We were all very anxious and excited to meet the people we would call family for the next five days. Living in a new, foreign place for five days is very difficult. Arriving in the village, most of us didn’t know what to expect. We were not quite sure what to make of what we were seeing. On the bus ride into the village, we were all practicing our Spanish and looking forward to seeing what our families would be like. When we finally got to the village and off the bus, the group eagerly waited until we were assigned our families. Greeted with open arms, we individually went off to our houses where we got acquainted with our families and were introduced to multiple family members. Many names and faces later, we all went to bed for an early rise the next day.
On Monday at 8am, we had to be at the clinic, where our community service project was to build a handicap ramp, install a bathroom and drainage ditch, and put up the walls for a new storage area. A few hills later, we all arrived on time and very sweaty. For it being so early in the morning, the temperature was about 35˚F over what I am used to, and much hotter than we all expected. As the morning progressed, we got our daily assignments and duties that were expected to be accomplished. With a fun day filled with sweat, water, and a lot of laughter, we got a good head start on the project. Our task consists of digging ditches, tearing down walls, laying down cement, and much, much more! With as much excitement and energy the group has as a whole, I am certain we will finish what is needed to be done. (Update: We did!)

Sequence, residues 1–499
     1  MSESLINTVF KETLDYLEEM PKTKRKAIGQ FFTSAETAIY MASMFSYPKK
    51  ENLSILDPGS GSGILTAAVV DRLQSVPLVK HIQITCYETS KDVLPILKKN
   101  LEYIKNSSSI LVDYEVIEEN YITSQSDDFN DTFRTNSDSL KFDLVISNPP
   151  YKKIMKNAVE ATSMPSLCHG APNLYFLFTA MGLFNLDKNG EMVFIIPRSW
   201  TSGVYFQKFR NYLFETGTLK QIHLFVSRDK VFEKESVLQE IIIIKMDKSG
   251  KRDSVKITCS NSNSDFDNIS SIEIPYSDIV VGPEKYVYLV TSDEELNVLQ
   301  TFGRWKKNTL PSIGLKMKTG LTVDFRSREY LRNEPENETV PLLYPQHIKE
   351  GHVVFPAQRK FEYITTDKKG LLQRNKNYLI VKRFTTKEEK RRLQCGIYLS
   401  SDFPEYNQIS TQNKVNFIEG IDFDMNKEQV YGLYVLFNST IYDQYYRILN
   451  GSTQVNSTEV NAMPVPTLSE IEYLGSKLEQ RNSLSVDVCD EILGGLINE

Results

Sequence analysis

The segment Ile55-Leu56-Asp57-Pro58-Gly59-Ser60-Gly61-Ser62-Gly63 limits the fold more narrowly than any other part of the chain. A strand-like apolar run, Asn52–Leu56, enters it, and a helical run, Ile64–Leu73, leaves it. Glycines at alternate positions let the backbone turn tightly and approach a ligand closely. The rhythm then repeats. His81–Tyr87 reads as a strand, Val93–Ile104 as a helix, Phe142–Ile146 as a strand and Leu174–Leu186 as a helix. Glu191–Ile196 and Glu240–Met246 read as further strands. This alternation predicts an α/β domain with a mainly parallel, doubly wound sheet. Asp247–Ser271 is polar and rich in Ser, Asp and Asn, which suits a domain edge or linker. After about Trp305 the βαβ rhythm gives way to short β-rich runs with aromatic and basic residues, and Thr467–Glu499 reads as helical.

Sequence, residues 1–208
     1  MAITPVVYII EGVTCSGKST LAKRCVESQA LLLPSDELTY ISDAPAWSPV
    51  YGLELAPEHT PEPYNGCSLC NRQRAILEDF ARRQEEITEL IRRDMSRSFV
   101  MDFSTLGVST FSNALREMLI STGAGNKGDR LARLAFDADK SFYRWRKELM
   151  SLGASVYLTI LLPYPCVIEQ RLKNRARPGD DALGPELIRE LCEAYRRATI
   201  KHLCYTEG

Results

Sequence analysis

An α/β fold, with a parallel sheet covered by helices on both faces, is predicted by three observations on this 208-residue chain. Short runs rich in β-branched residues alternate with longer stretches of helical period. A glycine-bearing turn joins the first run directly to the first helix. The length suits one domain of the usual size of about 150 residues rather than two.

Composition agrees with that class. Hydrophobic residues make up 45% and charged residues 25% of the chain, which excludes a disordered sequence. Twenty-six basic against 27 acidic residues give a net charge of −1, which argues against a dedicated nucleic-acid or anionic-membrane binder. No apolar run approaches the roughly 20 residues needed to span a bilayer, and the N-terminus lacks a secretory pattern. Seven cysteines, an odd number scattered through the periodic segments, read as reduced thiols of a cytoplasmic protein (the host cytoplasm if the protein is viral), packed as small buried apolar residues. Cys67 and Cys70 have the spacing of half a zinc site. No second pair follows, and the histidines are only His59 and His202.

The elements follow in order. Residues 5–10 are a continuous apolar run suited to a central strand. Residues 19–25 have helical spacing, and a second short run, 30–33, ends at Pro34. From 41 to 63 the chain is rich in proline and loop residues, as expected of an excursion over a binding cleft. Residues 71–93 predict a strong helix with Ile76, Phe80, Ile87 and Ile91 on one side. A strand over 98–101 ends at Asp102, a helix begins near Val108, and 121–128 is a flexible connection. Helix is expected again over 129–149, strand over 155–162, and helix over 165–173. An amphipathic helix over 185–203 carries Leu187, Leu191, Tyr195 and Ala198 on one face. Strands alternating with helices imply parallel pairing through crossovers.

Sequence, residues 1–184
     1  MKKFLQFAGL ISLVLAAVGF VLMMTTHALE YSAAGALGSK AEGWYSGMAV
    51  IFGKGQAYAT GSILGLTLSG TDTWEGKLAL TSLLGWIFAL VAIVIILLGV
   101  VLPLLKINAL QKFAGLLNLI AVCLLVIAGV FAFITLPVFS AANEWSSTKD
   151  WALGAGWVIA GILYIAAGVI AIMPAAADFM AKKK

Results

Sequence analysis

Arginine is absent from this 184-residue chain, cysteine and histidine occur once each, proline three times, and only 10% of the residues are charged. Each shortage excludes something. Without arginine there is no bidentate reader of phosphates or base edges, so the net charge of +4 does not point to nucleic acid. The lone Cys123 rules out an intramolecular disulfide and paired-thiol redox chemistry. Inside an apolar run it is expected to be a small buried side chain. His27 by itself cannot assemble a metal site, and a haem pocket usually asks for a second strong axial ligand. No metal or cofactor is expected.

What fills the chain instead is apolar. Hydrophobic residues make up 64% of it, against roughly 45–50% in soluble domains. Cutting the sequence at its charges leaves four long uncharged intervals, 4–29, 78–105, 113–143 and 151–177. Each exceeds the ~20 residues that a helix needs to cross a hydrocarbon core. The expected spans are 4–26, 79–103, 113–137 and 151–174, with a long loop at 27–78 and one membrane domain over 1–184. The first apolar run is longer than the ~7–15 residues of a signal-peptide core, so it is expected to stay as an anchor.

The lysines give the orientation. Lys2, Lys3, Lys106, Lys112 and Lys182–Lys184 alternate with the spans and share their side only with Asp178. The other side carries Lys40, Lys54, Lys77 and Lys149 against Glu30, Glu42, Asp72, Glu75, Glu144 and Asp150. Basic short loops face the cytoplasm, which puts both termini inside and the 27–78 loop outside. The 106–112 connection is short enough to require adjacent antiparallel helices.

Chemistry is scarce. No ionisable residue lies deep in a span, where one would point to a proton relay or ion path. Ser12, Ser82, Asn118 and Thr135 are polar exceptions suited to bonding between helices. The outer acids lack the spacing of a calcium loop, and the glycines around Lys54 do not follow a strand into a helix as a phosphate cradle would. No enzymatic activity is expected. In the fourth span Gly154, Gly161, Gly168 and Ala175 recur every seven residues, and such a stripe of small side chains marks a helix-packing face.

Being completely immersed in a new and very different culture, from our own comes with its challenges. We have encountered many bugs we are not used to seeing; we have tried food we have never tried before. But the most difficult is trying to communicate with the families, who do not speak our native language, English. Most of us do not speak Spanish every day; therefore, we are not the best at it. Living in a house for five days where sometimes only one person, or even no one, speaks English, I would say is the biggest challenge yet. The language barrier really puts a strain between the host family and the student. We all struggle each and every day with communication; but in the end we make it work in order to have a good time.
After long, hard, tiring days at work, some of the students met the local ‘Tico’ kids at the plaza. Here, we enjoy a fun, friendly game of soccer or futbol. It may get a little competitive at times, but we are all in it for the fun. It’s a fun way to meet and talk to the locals and enjoy a little exercise as well. All in all, living in a foreign place has its challenges; but we all made the best of it in order to take this unique experience and cherish it for the rest of our lives. Hasta luego from San Salvador, Costa Rica!